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Quick Tips for Managing Mozzies This Summer

Posted on 14 December 2015

Read our practical and chemical free tips to stay mozzie bite-free and itch-free during the summer with natural insect repellents at home hints.

With summer approaching and the warmer weather many of us start to spend more time outdoors. Especially now that daylight saving has started (in most states), the evening is a lovely time to do a few things outside after work, or have an evening meal outside. Of course, being outside in warmer weather makes us very attractive to mosquitoes and other flying insects.

Theories suggest that mosquitoes are attracted to a few things we humans produce, mainly carbon dioxide which is what we breathe out, the sweat on our skin, and to some extent our natural body odour. Mosquitoes are most active in the morning and evening, and even more so if there is water about, ie. If it’s raining, or you are watering the garden.

Wear lighter clothing

Some research indicates that mosquitoes are more attracted to dark coloured clothing as opposed to light colours, so you might consider this when venturing out. Also, obviously the more covered up you are, the less skin is available for mosquitoes to land on. So maybe have some light coloured and lightweight clothes that you can get around in outside.

Stay in the breeze

It’s harder for flying insects to get around (and land on you) if there’s a breeze, so if you’re sitting outside you could have a fan or two blowing the air around nearby. It’s often more pleasant in warmer weather to have a nice breeze to help you keep cool so there’s that added benefit as well.

Grow natural insect repelling plants

There are several types of plants which have insect repelling qualities; these can be useful to have some in pots or the garden around outdoor settings or barbecues.  Citronella plants are easy to grow and propagate, and the oil in the leaves is used in many of our natural insect repellents. Interestingly, catnip can be used as a repellent, and it is a prolific grower, so you could have some pots of this around. Lemon scented eucalyptus oil is a highly effective mosquito repellent, although it is a little difficult to come by and should not be applied neat to the skin. You also might try planting some lemongrass in strategic locations; the bonus here is you can use the lemongrass in Thai recipes.

Use natural insect repellent products

It is a good idea to have a natural insect repellent spray or lotion on hand during mosquito season, and we have a quality selection of these, which make use of a few of the ingredients mentioned above.

Natural Insect Repellents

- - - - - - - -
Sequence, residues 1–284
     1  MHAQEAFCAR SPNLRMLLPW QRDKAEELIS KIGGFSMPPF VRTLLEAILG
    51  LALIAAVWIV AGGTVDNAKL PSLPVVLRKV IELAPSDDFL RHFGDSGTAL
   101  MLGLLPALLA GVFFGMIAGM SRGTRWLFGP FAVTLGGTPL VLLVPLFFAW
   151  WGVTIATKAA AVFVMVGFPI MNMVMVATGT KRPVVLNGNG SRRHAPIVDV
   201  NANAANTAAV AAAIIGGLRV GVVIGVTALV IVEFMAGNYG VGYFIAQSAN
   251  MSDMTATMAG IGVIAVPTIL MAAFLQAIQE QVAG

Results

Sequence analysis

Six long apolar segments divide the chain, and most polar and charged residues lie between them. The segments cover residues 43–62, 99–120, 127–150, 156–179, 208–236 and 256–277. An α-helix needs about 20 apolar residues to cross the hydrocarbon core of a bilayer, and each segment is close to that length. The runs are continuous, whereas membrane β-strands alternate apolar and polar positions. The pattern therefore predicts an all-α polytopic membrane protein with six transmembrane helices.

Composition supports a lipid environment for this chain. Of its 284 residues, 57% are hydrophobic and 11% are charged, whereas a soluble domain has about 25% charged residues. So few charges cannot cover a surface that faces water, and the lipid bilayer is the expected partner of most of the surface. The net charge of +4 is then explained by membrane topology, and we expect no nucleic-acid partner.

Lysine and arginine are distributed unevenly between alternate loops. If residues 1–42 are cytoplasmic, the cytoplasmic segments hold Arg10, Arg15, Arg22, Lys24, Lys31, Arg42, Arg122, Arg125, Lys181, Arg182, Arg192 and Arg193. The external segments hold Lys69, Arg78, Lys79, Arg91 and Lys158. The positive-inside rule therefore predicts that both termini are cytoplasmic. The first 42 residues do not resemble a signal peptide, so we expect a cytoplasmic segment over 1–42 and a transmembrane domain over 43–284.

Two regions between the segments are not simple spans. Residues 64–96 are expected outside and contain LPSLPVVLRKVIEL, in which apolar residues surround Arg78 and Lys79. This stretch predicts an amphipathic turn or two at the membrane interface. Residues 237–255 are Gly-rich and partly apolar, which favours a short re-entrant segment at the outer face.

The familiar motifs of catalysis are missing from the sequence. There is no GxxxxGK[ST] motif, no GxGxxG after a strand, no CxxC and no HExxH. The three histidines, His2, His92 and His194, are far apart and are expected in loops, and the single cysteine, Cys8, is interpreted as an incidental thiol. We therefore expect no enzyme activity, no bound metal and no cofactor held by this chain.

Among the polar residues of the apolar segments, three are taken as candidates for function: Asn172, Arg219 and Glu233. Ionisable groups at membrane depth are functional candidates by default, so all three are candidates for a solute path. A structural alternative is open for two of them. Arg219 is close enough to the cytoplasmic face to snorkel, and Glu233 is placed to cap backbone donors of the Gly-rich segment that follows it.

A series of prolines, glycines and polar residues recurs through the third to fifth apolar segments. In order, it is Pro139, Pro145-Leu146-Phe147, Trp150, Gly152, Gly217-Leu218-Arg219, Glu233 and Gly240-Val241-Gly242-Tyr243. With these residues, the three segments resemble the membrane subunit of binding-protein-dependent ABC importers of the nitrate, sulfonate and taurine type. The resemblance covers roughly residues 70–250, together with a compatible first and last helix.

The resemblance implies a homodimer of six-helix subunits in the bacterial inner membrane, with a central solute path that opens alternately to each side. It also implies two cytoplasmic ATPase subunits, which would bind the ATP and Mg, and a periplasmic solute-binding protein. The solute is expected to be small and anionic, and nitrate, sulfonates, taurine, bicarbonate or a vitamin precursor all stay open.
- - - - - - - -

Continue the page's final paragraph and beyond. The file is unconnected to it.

Lemon Myrtle Fragrances have a naturally antibacterial pump spray which is a safe alternative to synthetic chemical insect repellents; it makes use of citronella, eucalyptus, lemon myrtle, and tea tree oils and smells great too.

If you prefer a cream based product, Natralia Nourish has a natural insect repellent lotion. This lotion also makes use of citronella and tea tree oils, and also contains aloe vera, which acts as a binding agent, this means the insect repelling oils stay active for longer on the skin, this formula is also soothing for existing itchy bites. 

Another product we have recently introduced is Bug-grr Off. This pump spray has an acid-modified extract of the lemon scented Eucalyptus as its insect repelling active ingredient. It also contains aloe vera, green tea, and cucumber extracts, which helps with cooling and soothing the skin.

It is important to note that all of our natural insect repellents or outdoor products are DEET free.

Browse our selection of natural insect repellents, or, if you are after more information on the technical aspect of natural insect repellents, you may want to familiarise yourself with the challenges that are faced with manufacturers of natural insect repellents.

Disclaimer: please note that to allow for congruency of products in our Outdoor Insect Protection range of products we have generally referred to these products as ‘natural insect repellents’. The APVMA has restrictions on the use of the term “insect repellent” and some of the products in this range although we have categorised them generally do not necessarily use this term. Please refer to the information about each specific product and manufacturer in this category for further information on claims, product usage and ingredients.


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